10. I’m not used to doing something creative to channel my negative emotions when I feel angry, hurt or distressed.

Give 0 point for each TRUE and 1 point for each NOT TRUE.

Check your score:

10-7: Congratulations! You should consider teaching others how to use creativity like you do!

7-4: Continue being creative every single day of your life. Correct your few “anti-creative” attitudes and become an example of a creative, fulfilled person to your family and friends!

3-1: Why don’t you take your creativity a little more seriously? It will give you many returns that very few activities can offer.

0: You stifle your creativity and suffer the consequences. Your life will change immediately if you develop a creative habit.

How Movies Can Help You Become Creative

The characters in the following films are different but they all share one characteristic in common: their lives are determined by their willingness to be creative. They can inspire you to trust your creativity and follow your creative impulses until they bring fruits in your life.
Choose a film and watch it alone or with a group of friends. Answer the questions at the end of the list in writing and discuss your answers with your friends. Repeat the same with more films of the list, as your time permits:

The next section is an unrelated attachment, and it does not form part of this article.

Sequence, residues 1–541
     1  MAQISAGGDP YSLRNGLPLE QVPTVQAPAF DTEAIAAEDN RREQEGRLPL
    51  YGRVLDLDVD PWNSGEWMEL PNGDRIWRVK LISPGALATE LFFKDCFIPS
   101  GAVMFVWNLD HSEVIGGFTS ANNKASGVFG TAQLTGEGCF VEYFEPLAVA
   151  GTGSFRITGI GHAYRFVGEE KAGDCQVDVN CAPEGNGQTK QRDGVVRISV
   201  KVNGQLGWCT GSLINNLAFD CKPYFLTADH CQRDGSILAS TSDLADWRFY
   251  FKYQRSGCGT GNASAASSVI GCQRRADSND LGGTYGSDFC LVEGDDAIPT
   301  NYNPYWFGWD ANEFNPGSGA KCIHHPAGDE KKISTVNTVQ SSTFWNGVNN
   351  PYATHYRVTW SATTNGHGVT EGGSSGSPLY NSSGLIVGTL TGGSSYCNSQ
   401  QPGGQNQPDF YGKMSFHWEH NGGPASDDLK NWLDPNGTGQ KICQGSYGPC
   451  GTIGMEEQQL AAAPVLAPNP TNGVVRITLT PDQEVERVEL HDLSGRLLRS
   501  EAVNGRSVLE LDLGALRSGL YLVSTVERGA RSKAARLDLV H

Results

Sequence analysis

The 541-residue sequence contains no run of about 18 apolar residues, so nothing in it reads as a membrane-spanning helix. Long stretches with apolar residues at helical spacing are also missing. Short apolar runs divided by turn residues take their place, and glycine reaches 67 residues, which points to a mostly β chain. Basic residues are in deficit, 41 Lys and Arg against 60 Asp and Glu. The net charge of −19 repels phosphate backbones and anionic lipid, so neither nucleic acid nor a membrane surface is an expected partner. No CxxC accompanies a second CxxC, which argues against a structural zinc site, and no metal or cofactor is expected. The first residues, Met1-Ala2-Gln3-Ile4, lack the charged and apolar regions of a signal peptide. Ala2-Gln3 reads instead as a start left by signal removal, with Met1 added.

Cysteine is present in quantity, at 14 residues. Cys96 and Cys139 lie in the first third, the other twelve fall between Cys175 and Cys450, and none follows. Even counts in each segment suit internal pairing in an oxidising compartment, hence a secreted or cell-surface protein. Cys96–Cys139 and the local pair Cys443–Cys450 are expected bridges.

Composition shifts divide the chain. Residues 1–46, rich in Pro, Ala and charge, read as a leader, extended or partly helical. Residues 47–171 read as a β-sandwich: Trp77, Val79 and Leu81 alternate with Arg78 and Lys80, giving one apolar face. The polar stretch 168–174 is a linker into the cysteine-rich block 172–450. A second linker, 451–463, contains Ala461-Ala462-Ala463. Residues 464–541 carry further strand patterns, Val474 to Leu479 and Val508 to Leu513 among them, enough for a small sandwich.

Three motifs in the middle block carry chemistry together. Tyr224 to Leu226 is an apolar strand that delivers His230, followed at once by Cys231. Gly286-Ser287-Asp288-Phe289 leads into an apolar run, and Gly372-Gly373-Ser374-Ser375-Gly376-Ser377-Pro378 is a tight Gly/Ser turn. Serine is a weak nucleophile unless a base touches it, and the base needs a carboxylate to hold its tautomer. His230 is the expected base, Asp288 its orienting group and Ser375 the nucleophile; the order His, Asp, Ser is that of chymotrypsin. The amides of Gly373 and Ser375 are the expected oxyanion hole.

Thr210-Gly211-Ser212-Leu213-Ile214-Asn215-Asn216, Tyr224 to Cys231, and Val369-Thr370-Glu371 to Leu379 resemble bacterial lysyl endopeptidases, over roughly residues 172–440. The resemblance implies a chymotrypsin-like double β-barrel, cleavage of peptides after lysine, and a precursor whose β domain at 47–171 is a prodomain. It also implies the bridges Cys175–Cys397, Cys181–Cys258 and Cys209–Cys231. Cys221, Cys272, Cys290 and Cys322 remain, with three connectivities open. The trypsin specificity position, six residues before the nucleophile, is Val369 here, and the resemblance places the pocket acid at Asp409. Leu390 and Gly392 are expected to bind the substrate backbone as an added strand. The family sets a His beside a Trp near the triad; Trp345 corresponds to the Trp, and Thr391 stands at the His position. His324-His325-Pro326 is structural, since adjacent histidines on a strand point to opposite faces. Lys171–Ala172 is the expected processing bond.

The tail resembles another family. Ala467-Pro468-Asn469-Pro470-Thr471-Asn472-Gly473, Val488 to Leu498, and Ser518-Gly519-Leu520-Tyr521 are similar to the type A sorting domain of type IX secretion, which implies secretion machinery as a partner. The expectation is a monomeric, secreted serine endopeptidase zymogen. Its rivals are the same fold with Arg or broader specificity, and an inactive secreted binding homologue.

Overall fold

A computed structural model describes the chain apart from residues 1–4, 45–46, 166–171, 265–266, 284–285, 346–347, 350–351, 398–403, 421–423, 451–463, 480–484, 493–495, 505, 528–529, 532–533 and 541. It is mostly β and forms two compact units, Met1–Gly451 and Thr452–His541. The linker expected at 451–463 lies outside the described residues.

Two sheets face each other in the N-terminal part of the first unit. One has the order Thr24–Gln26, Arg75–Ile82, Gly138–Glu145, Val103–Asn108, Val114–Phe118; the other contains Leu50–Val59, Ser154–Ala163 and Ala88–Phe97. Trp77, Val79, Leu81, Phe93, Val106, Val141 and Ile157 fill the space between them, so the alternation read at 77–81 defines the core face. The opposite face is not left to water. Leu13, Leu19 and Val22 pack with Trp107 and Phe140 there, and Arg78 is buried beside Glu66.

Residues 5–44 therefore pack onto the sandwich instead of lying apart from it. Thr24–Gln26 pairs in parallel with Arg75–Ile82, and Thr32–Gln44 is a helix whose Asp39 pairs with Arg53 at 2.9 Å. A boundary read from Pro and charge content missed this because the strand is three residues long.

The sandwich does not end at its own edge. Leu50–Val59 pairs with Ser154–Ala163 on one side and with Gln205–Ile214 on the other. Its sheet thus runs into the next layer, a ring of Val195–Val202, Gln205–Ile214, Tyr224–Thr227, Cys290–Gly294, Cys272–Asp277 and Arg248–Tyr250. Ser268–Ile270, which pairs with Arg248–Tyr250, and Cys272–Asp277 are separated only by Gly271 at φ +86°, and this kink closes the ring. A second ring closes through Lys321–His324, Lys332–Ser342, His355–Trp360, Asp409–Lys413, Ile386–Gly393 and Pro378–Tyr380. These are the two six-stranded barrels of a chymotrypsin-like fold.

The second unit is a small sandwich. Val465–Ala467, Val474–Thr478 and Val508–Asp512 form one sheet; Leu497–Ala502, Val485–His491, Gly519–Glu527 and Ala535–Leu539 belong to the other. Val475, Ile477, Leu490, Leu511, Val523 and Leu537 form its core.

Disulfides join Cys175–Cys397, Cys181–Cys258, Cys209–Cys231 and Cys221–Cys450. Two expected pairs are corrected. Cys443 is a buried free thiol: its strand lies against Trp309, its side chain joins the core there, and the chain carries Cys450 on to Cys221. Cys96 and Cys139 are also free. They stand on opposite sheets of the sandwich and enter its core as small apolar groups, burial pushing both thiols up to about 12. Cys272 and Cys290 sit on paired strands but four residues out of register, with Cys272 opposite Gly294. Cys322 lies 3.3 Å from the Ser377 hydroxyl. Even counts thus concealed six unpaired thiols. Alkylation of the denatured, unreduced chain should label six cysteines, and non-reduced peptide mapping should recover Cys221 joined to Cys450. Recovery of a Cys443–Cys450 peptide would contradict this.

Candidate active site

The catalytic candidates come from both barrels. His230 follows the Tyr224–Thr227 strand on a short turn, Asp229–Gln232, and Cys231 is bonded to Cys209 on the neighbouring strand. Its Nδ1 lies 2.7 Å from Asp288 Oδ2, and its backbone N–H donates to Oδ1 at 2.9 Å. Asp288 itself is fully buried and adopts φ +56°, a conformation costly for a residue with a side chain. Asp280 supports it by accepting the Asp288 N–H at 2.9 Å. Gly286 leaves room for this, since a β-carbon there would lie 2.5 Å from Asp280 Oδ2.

o Amadeus (1984); directed by Milos Forman

o Artemisia (1997); directed by Agnes Merlet

o Babette’s Feast (1987); directed by Gabriel Axel

o Chocolat (2000); directed by Lasse Hallström

o Frida (2002); directed by Julie Taymor

o Maya Lin: A Strong, Clear Vision (1994); directed by Freida Lee Mock

o Music of the Heart (1999); directed by Wes Craven

o Shall We Dance?(2004); directed by Peter Chelsom

Questions to answer:

1. What role does creativity play in the life of the main character of the story?

2. How does the environment respond to the main character’s creativity?

3. What forces in the character’s life do oppose his/her creativity? Notice that these forces may be not only external, but also internal.

4. How does the character stand up for his/her need to stay creative? How does he/she defend his/her creativity? List his/her actions and evaluate them.